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What Is Medical Dosimetry?

If you want to work with high-tech medical equipment and contribute to the treatment of patients with cancer, you might train to work in the field of medical dosimetry. Medical dosimetrists determine the proper radiation dosage used in treating cancer patients. Read on to learn more about medical dosimetry and what it takes to work in the field.

Medical Dosimetry

Medical dosimetry is a part of the field of radiation oncology involving knowledge of advanced mathematics, radiobiology, physics and anatomy. In order to shrink or eliminate tumor growth, some patients receive limited doses of radiation internally or externally. In medical dosimetry, you calculate the amount of these doses and establish the optimal treatment location on a patient's body.

Important Facts About This Occupation

Average Salary (April 2021) $73,552*
Key Skills Attention to detail, stamina to stand on feet for long periods, strength to position patients, interpersonal skills
Job Outlook (2019-2029) 7% growth**
Licensing Requirements Most states require licensing as a radiation therapist; requirements vary

Source: *PayScale.com, **U.S. Bureau of Labor Statistics

Medical Applications

If you choose to work in this field, you'll collaborate with medical physicists and radiation oncologists to determine the amount of radiation used to treat a patient's tumor. Your work will usually take place in a hospital, clinic or private practice cancer center. You'd be responsible for calculating the precise volume of a patient's tumor and the treatment location. You may often use computers, advanced medical imaging and other technology to determine the optimal dose of radiation to shrink a tumor while avoiding damage to healthy tissue and organs.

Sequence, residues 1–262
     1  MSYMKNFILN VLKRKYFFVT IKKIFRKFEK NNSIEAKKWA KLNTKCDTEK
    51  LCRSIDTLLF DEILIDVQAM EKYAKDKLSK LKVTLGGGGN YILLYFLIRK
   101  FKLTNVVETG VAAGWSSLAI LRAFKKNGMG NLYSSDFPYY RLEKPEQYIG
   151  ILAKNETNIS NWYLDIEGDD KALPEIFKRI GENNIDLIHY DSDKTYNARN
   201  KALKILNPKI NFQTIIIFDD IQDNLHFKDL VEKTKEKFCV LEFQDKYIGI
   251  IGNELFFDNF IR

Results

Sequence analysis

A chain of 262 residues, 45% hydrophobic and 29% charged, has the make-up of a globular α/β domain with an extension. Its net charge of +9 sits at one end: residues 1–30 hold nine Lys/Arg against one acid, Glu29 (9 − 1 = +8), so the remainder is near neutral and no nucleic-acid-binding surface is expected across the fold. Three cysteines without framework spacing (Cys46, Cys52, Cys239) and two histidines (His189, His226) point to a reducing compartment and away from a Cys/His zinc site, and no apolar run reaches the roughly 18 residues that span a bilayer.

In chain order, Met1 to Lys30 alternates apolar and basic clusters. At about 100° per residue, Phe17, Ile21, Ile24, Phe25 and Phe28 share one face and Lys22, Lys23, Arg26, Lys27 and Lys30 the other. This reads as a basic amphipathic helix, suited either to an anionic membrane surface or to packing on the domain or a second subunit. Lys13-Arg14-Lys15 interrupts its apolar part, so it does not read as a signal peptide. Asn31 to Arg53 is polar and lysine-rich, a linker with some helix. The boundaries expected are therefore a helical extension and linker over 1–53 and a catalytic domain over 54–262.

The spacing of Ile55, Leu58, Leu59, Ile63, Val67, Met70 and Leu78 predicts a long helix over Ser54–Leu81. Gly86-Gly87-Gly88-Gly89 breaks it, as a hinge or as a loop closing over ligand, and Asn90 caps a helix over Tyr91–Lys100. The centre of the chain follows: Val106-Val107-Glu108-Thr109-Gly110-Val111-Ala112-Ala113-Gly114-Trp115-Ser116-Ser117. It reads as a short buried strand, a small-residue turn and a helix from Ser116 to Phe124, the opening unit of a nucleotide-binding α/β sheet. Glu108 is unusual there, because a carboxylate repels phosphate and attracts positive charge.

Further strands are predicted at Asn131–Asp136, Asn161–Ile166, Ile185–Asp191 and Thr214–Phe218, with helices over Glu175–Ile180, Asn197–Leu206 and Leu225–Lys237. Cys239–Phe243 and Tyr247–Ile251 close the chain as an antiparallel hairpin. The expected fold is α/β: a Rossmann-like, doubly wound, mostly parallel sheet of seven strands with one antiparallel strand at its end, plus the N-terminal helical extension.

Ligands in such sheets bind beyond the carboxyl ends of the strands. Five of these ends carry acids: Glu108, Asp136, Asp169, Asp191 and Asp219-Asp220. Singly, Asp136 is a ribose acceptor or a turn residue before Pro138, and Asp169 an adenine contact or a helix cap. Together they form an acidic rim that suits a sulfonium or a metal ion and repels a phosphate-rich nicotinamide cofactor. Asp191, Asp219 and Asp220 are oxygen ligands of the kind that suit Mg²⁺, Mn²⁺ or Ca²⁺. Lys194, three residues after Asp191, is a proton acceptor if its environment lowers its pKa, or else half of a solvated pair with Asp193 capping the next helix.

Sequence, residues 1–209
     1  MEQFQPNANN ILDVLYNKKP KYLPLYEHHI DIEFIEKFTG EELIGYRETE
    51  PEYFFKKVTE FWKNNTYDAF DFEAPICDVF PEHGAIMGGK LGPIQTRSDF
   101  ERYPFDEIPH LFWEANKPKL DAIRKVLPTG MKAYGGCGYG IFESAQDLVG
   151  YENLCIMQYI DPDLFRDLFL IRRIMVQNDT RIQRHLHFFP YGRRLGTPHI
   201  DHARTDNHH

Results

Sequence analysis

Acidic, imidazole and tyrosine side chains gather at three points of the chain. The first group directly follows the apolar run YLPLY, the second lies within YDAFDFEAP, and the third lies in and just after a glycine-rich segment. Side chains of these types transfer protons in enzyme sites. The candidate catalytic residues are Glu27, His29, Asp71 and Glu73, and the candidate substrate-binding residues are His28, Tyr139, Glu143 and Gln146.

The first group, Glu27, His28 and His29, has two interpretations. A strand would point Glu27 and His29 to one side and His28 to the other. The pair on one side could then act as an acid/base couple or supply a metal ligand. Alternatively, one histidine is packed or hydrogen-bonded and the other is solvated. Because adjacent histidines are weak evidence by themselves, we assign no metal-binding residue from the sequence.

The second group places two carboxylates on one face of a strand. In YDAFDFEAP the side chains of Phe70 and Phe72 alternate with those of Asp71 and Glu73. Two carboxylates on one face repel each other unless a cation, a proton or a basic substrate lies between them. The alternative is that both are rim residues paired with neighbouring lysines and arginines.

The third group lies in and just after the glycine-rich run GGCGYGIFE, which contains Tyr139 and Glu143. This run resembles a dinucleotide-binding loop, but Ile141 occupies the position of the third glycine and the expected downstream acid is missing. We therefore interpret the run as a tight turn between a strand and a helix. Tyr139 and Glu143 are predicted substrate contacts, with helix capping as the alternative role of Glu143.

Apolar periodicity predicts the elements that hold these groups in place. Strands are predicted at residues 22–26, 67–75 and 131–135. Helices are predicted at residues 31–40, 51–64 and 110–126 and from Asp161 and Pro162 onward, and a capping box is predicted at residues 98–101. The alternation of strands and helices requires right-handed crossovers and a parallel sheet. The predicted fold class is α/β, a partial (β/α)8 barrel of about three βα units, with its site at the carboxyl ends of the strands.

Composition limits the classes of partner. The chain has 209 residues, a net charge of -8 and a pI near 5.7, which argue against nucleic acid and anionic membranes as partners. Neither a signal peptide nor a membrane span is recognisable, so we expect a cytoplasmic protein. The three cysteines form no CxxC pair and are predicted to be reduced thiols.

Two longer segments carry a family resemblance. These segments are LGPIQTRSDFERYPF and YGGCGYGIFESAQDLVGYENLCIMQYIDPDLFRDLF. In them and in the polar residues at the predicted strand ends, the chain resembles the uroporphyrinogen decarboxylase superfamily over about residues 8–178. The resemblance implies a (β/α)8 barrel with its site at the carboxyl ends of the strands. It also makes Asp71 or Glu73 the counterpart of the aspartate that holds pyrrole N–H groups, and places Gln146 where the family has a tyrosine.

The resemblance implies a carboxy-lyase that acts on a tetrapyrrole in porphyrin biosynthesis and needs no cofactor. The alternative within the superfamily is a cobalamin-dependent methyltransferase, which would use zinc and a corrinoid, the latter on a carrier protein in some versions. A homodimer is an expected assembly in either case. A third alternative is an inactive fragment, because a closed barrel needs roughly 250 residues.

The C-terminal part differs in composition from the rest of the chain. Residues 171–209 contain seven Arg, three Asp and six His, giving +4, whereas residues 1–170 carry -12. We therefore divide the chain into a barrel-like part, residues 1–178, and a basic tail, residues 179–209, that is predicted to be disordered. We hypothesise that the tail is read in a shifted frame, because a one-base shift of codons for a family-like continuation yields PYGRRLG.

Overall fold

Other Related Tasks

Some patients may need immobilization devices in order to ensure they won't move while receiving treatment in a specific area. Because treatments are usually given in a series of sessions, immobilization devices make certain that patients receive treatment in the same location every time. In these cases, you may need to assist in the casting of molds and placing of patient-specific restraints. It's also important that you monitor and record a patient's total amount of exposure to radiation over time.

Education Required

In order to qualify for training in medical dosimetry, you'll need a good understanding of the physical sciences. There are several options for training programs, including a 4-year baccalaureate degree. If you already have a bachelor's degree in a related field, you can complete a 1- to 2-year graduate certificate. Some schools also offer a master's degree option in medical dosimetry. Your courses will cover the following topics:

  • Anatomy
  • Radiobiology
  • Brachytherapy
  • Radiation safety
  • Physics
  • Calculus